Court Denies Bid to Block Cone Mills Sale
WILMINGTON, Del. (AP) _ The last potential obstacle to the sale of the assets of Cone Mills Corp. to WL Ross & Co. was removed Friday, when the court overseeing the denim maker’s bankruptcy case refused a request to reconsider a ruling approving the deal.
Chief U.S. Bankruptcy Judge Mary F. Walrath said delaying the sale could mean immediate job loss for Cone Mills workers being hired on with the new denim operation, as well as trouble for suppliers who had extended credit in anticipation of the W.L. Ross deal.
The judge said there was no clear error of fact in her Feb. 11 decision approving the sale, product of a January auction conducted in the company’s Chapter 11 case.
No other bidder stepped up to counter W.L. Ross’s offer of $46 million in cash for the Greensboro, N.C., company, plus the assumption of liabilities.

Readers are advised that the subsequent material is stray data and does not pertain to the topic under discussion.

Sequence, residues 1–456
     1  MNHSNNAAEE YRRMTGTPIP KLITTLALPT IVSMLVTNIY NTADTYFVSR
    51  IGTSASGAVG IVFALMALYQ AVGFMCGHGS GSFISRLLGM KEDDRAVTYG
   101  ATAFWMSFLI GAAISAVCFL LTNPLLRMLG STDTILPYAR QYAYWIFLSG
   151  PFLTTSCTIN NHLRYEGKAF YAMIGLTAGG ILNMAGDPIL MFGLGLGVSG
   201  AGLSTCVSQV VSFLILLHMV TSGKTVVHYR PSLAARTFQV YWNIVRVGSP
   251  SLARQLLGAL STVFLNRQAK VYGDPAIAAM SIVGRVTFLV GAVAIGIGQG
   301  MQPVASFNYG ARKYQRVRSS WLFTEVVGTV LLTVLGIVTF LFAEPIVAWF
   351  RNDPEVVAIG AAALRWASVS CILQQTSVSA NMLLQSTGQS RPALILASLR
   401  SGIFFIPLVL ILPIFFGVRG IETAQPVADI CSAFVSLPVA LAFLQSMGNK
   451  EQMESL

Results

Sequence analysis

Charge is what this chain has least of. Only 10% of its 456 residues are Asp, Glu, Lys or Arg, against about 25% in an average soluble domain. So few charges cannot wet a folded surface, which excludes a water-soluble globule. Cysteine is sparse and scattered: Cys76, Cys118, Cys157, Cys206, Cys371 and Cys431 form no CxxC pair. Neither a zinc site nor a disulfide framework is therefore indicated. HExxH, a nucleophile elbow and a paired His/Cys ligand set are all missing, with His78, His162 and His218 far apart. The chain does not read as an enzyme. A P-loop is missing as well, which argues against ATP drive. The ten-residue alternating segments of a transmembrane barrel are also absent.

``The marketplace has spoken, has it not?″ Walrath said.
Friday’s ruling went against secured bondholders and a panel representing shareholders, who say Cone Mills downplayed its value to win approval of the sale to W.L. Ross at an unfairly low price.
Given the value of its inventory and accounts receivable, Cone Mills would bring more at liquidation than it did at the auction, Richard Engman, attorney for the bondholders, said.
Engman said W.L. Ross had extensive advantages that would intimidate others out of the bidding, including months to examine the company’s condition before the bankruptcy while he negotiated with Cone Mills’ board over a potential purchase.
Andrew Rosenberg, attorney for Cone Mills, told Walrath Friday that the sale to W.L. Ross is ``on the cusp of closing.″
Cone filed for Chapter 11 protection in September.
W.L. Ross also bought Cone rival Burlington Industries, also based in Greensboro, out of bankruptcy for $614 million in November, and wants to merge the denim operations of the two companies.